Brian Maher, executive director and CEO of the South Dakota Board of Regents, began his presentation on Tuesday night with humor. He was in Madison for an outreach session to present an overview of the work done by a task force formed as a result of Senate Bill 55.
Maher told those in attendance he needed to make a personal note: Never follow President Griffiths.
Dakota State University President José-Marie Griffiths opened the meeting by giving a quick overview of fall enrollment, placement statistics, new programs, new partnerships, ongoing research efforts, new and renovated facilities, and fund-raising efforts. She also noted challenges the university faces, including an aging workforce and the need to balance growth with available resources.
Senate Bill 55 was approved by the state Legislature in 2020 and directed the BOR to create a task force “to examine the possible program and administrative efficiencies and cost effectiveness that may be achieved through the share administration” of the state’s six public universities.
“I think it was a charge from the Legislature to the Board of Regents to run the organization as efficiently and effectively as possible,” Maher said.
District 5 Rep. Hugh Bartels (R), one of the bill’s sponsors, affirmed that in comments at the end of the meeting.
“Senate Bill 55 was designed to get the Board of Regents to think about their processes,” he said. “The goal was never to reduce funding to the Board of Regents.”
He noted the Joint Committee on Appropriations (JCA) has been asking the same questions for the last 10 years without getting answers to those questions. Nine were listed in the bill itself. They included a review of duplicate programming and academic majors, the possibility of combining various operations within universities and across the system, the viability of the university centers, and a review of functions outside core missions.
“I didn’t have answers. I just asked questions,” Bartels said. He praised the attitude with which the BOR received this charge, noting they contributed to “a really good process.”
Maher reported the full task force, which included legislators, board members, university presidents and interested citizens, met six times with subcommittees meeting an additional 20 times. The completed report will be presented to the governor and JCA on Nov. 15.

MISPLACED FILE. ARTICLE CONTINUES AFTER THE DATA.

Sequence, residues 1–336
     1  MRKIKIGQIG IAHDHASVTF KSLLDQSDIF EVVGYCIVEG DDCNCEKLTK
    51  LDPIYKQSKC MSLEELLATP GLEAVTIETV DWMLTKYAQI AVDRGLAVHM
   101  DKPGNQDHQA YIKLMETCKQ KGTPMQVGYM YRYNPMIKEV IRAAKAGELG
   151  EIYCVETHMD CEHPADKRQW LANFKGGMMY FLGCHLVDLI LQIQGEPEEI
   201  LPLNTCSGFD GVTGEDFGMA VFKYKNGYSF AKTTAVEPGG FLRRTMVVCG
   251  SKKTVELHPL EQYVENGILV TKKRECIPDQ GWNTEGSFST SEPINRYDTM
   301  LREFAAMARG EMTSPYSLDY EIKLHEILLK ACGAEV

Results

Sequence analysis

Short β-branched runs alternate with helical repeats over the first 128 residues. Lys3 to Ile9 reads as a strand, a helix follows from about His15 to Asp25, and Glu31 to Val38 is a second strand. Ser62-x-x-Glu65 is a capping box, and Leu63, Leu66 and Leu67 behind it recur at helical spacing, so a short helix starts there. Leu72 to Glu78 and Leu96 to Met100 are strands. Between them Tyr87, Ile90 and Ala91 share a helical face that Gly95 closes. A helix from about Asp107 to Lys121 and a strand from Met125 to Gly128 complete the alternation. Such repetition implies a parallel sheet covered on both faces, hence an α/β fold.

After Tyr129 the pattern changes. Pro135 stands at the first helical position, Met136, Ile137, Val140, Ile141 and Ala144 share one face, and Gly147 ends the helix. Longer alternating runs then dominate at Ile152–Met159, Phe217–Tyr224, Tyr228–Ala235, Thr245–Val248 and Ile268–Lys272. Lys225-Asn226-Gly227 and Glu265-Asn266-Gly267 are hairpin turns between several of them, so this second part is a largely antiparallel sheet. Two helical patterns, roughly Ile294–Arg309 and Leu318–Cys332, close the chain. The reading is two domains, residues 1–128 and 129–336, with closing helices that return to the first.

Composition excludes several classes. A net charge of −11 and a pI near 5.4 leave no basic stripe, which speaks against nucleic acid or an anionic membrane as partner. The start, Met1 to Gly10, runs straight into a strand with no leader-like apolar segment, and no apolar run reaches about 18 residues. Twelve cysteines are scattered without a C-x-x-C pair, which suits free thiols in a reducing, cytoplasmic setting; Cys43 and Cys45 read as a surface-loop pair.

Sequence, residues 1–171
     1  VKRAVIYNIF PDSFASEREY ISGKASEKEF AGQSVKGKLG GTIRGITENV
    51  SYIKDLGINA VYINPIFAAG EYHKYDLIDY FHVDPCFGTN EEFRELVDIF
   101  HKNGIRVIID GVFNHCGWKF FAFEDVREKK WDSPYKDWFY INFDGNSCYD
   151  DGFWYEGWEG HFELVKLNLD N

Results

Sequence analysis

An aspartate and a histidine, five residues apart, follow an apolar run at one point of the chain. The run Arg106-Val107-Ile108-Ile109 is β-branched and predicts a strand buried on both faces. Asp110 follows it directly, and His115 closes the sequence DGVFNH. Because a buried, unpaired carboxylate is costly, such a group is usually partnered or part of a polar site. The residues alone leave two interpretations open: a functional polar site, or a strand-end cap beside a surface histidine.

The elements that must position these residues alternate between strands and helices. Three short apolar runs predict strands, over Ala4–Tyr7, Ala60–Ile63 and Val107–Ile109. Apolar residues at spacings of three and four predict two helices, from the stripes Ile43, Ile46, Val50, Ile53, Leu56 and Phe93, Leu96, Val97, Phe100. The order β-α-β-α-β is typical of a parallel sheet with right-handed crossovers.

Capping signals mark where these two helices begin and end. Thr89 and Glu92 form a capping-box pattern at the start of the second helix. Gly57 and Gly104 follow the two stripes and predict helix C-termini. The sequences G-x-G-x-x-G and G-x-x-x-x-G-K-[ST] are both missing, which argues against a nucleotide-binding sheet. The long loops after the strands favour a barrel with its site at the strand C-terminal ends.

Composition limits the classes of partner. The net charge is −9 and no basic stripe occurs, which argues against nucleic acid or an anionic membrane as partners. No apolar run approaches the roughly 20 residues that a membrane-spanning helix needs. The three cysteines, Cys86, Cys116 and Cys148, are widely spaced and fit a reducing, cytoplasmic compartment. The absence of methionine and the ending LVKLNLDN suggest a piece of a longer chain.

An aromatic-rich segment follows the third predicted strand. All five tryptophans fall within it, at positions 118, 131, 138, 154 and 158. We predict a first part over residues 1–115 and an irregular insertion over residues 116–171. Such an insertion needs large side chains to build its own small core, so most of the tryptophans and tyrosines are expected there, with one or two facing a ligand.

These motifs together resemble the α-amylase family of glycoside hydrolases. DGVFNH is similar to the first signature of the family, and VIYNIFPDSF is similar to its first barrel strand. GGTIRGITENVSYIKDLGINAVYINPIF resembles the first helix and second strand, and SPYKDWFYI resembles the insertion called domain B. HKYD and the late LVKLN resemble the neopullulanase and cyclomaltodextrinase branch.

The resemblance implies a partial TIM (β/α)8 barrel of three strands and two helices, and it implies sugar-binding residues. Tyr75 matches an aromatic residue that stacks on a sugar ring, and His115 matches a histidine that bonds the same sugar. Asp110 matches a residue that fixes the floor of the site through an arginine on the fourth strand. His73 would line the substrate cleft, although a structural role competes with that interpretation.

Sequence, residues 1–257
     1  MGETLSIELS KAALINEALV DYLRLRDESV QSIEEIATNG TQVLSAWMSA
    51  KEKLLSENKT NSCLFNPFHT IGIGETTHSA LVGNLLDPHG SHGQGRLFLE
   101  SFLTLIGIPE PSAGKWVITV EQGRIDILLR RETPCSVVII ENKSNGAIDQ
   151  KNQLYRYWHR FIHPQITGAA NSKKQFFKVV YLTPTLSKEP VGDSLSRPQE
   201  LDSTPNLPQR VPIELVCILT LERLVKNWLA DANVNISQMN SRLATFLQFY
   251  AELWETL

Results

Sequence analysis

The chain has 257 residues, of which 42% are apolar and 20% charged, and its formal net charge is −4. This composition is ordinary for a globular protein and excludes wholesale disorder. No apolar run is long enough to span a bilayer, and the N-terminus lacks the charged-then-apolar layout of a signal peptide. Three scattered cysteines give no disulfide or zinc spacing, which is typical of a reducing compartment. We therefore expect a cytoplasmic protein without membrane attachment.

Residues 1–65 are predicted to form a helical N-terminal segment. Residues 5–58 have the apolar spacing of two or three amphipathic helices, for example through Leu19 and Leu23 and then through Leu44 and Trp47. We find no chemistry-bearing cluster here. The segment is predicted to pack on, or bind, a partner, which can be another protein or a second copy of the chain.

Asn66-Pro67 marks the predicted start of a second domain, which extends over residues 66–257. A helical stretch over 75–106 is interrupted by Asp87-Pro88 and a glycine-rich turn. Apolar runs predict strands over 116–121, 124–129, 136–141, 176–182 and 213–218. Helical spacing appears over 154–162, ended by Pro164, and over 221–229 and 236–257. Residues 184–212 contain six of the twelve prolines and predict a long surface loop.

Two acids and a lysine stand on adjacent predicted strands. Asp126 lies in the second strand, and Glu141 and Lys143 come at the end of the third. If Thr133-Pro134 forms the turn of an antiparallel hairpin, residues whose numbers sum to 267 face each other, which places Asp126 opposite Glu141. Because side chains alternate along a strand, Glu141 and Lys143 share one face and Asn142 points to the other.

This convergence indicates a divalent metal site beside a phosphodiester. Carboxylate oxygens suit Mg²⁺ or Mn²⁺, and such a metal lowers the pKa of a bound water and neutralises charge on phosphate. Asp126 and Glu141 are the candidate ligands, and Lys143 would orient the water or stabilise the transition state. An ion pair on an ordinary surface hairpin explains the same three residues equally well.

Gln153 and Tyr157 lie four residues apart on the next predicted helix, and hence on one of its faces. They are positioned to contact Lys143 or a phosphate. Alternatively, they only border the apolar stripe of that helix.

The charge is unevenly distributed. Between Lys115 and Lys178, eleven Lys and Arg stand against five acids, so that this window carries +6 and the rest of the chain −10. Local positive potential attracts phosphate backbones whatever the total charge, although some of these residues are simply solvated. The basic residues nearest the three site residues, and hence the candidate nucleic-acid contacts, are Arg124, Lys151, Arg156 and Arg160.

“This will impact higher education and public universities for a long time,” he said. Currently, the report is not available for public review but will be posted on the BOR website after being approved by the board at the October meeting, according to Maher.
He stated that over $800 million is spent annually on higher education at state universities. Of that, $250 million is appropriated through the state’s general fund. An economic impact study is being conducted to answer two fundamental questions.
“What do we get for that? What comes out of that?” Maher said, noting the questions.
A workforce demand gap analysis is also being conducted to determine whether programs at state universities are meeting the needs of South Dakota employers. The goal is to identify programs which should be developed and those which should be abandoned.
“Are we using those degrees in South Dakota? Are there jobs for those students?” Bartels asked when touching on this point in his comments.
Maher said current estimates indicate that 32,000 new jobs will be created in South Dakota over the next 10 years. Of those, about 12,000 are expected to require at least a bachelor’s degree.
“Many of those 12,000 students will come from DSU,” Maher said, acknowledging the importance of DSU’s computer and cyber sciences programs.
He indicated that every campus has a specific mission, but noted, “We have a tendency to creep.” He said that creep may be allowable in some situations, but should not be allowed in all instances.
Maher also noted that a new business model must be designed for the university centers in Sioux Falls and Rapid City.
In identifying areas for system-wide efficiencies, he spoke of a shared services model for human resources and having all of the public universities under one food service contract. He also talked about collaboration among universities regarding online coursework.
Maher reported that after the report is approved by the Regents, they will start looking at current policies to see where changes need to be made.
“In many ways, we’re in our infancy when we talk about the impact of Senate Bill 55,” Maher said.
Following the meeting, District 8 Rep. Marli Wiese said she supported to bill and is interested in seeing the final report.
“We all thought it was a good idea to look at ways the universities could have some cost savings,” she said.